Atlas has partnered with many amazing organizations and causes throughout the years. One of the most unique projects our team has been part of was the tiny home build with Canadian wildlife biologists Katy Gavrilchuk and David Gaspard.
In 2016, Katy and David embarked on a 957-mile journey along the coast of Eastern Canada to study the habits and migration patterns of marine life species in the Gulf of St. Lawrence. To allow them closer access to follow migration patterns along the coast, the team constructed a mobile tiny house to serve as their research base and “home away from home.” They knew they needed an efficient, thermally-resistant insulation solution and decided Atlas EnergyShield polyiso would be the perfect fit.
Atlas provided EnergyShield Pro continuous insulation boards, which were installed in both the roof and walls of the tiny house. EnergyShield Pro provided the R-value and thermal efficiency needed, as well as key sustainability features – it’s produced with no CFCs, HCFCs or HFCs; has zero Ozone Depletion Potential (ODP) and negligible Global Warming Potential (GWP); and is made from between 9.2-13.5 percent recycled content. This, along with their efforts to use eco-friendly products throughout the expedition, helped the biologists reduce their personal impact on the environment. In addition, the Atlas product featured durable aluminum facers that also served as a water resistive barrier – very helpful for the tiny home that experienced varying weather conditions throughout the six-month journey.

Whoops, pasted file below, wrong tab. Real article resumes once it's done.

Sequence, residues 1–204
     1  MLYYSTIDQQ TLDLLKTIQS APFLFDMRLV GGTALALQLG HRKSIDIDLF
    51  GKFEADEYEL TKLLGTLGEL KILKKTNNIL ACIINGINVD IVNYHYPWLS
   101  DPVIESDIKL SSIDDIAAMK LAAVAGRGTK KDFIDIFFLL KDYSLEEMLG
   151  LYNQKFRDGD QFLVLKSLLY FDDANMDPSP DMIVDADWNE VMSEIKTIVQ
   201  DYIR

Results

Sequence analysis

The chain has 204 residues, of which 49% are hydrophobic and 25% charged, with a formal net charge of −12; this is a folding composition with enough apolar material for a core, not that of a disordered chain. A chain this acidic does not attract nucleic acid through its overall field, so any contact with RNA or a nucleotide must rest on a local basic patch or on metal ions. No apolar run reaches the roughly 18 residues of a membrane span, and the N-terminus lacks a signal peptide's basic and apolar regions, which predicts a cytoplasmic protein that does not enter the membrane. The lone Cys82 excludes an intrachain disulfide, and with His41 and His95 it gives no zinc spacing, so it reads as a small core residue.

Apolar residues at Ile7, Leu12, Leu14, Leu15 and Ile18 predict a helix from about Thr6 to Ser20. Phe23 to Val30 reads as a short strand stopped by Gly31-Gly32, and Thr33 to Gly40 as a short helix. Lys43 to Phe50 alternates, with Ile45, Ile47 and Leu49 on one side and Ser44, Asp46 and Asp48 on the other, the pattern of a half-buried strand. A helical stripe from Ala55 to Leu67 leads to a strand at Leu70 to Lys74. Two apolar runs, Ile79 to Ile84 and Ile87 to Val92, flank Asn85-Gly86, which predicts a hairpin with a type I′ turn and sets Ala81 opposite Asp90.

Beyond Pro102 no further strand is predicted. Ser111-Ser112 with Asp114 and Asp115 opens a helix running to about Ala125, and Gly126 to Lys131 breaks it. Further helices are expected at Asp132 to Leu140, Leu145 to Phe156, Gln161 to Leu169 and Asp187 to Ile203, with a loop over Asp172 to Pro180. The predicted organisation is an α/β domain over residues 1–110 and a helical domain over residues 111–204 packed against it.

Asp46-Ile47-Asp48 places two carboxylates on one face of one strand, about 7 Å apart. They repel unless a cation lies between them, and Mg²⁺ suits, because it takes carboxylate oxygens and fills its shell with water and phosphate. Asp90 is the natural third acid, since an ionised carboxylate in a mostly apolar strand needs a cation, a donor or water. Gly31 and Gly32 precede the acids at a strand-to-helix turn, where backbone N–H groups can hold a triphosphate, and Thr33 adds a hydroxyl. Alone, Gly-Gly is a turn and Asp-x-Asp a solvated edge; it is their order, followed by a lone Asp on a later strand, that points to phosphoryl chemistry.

Having their own tiny house gave Katy and David more time and flexibility to conduct their research, allowing them to observe over 200 whales and 100 dolphins – a record breaking season, including whales that hadn’t been spotted since the 1980s. They also used the tiny house as a way to educate the public about low-impact living, giving tours during their stops throughout Canada. They were able to help influence others to live smaller and more environmentally-conscious lifestyles, which provided for a very rewarding experience.
You can read the full case study about this project here. Atlas is proud to have worked with Katy and David on their tiny home, helping them further their research to protect some of the world’s most incredible creatures.
Did You Know?
- Blue whales (or Balaenoptera musculus) are the largest animal to have ever lived on earth and can be recognized by their unique blue/grey pigmentation pattern.
- A blue whale’s tongue weighs about 2.7 tons (the weight of an elephant) and its mouth can hold up to 90 tons of food and water!
- The fin whale (Balaenoptera physalus), the second largest animal after the blue whale, is the one of the only mammals to have asymmetric body coloration – their right lower jaw is white while the left lower jaw is dark-colored.
- The male humpback whale (Megaptera novaeangliae) sings to attract females as a type of courtship display and in addition, their singing may also be used to establish dominance among males.
- Just like humans, female humpback whales have been known to form long-lasting associations with other females.